It is not uncommon for divorcing parents to disagree on child-related issues. Even though children generally benefit from the emotional support provided by two parents, each parent often genuinely believes that he or she must have priority in the children’s lives. When conflicts arise, the Minnesota statutes dictate that both parents need to attend an education program to teach them about co-parenting and the effects of divorce on children.
In some cases, the children may also have to attend training as well. While our Minneapolis child custody lawyers see the benefits of such classes, we help countless families to reach agreement so that classes become an option rather than a legal requirement.
How the Training Law Currently Works
Clearly, any point of contention in a divorce adds stress to the children, so the law works to encourage a cooperative spirit when parents cannot agree to the child-related terms of their divorce. When both parties agree to the terms, training is not required by law.
Courses generally address issues such as the following:
- Maintaining necessary communication between parents after divorce;
- Transitioning children between homes;
- Meeting the developmental needs of the children; and
- Resolving conflicts
While some courses are available online, parents who have taken both online and classroom courses typically see benefits to attending live classes. Presenters tend to make the material more personally-appropriate, and other parents in the class provide valuable information and raise new issues to consider.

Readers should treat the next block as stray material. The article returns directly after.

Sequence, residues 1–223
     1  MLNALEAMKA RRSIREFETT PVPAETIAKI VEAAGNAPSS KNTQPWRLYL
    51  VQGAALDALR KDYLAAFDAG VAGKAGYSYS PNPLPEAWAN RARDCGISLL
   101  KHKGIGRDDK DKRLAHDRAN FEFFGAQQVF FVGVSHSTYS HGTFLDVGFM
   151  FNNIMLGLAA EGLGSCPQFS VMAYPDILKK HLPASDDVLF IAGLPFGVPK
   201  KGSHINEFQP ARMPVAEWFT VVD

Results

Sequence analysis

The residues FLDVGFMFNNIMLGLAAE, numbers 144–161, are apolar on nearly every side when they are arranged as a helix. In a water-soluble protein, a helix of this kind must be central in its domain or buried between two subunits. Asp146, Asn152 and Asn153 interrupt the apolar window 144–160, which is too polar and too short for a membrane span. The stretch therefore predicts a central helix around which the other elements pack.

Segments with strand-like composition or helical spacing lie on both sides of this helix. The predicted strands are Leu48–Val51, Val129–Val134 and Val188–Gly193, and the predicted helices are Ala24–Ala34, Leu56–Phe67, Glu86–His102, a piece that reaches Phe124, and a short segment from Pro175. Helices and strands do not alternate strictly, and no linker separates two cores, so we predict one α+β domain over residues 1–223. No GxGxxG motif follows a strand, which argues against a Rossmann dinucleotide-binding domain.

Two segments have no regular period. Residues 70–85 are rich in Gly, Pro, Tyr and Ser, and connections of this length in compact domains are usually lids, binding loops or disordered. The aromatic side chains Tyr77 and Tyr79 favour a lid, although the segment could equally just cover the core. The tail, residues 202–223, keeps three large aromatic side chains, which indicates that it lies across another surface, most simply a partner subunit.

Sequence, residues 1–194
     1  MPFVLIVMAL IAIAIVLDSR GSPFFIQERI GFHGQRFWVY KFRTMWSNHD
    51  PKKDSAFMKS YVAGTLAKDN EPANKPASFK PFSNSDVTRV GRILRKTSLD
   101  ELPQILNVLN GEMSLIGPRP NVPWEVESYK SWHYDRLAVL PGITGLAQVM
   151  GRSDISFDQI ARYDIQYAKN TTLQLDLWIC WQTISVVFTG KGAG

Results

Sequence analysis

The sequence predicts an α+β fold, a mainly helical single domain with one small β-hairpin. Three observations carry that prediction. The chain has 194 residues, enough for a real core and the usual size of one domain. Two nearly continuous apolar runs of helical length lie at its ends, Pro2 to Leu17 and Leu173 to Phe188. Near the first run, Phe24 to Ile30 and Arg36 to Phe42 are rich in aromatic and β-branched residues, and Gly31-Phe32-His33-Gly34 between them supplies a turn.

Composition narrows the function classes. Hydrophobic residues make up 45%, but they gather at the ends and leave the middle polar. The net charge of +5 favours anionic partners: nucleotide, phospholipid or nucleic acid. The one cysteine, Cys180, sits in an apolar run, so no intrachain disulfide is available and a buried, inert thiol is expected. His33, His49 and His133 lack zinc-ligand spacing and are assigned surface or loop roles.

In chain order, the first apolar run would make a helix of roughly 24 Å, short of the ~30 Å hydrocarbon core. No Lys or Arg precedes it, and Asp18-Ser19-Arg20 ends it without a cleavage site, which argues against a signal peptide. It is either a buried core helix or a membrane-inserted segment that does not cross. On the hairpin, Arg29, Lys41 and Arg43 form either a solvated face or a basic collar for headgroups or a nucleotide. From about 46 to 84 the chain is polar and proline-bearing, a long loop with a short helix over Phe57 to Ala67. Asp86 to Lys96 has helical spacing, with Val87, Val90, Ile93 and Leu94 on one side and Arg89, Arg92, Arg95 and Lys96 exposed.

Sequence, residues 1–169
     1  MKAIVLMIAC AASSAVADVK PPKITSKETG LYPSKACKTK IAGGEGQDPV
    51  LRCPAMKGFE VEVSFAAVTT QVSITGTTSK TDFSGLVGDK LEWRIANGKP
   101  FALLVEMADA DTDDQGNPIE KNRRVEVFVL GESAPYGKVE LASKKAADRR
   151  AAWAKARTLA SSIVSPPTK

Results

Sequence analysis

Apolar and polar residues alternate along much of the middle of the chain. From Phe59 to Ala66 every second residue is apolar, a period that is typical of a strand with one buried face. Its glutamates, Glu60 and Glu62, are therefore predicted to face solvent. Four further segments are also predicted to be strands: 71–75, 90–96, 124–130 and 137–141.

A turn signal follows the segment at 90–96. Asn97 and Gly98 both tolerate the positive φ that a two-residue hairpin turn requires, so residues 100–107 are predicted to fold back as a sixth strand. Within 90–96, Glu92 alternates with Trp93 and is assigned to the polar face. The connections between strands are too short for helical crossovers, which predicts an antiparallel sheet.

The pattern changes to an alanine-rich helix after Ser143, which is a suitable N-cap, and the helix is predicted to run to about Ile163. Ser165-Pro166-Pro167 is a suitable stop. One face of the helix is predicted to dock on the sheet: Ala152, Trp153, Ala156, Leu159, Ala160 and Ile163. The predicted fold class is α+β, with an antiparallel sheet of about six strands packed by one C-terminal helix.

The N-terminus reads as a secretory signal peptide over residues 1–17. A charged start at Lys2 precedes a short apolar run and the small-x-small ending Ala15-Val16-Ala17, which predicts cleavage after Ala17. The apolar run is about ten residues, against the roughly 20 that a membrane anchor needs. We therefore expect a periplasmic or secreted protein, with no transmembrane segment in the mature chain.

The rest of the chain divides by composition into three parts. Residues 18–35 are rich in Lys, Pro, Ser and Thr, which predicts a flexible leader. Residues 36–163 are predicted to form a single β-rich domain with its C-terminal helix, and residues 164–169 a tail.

MN Senate Recognizes That All Divorcing Parents Can Benefit From Training
Some parents can easily reach an agreement on terms relating to their children. Many other couples can reach agreement with the support of experienced child custody attorneys. However, divorce is not a common activity; parents cannot accurately predict the issues that can arise with their children once the divorce is final.
This is why the Minnesota Senate recently proposed a new bipartisan bill requiring all parents with minor children to take a marriage dissolution course prior to filing for divorce.
If enacted, the new law is not intended to create a divorce roadblock, although it could potentially help some couples to reconcile. Additionally, good-cause waivers and judicial discretion can permit some divorces to proceed without the training.
Our experienced divorce attorneys are dedicated to making sure our clients clearly understand the effects of divorce on children. We encourage anyone who is considering divorce to call us at 763-323-655 or use our convenient contact form to gain more information on potential concerns or to obtain more information about available state-approved training classes.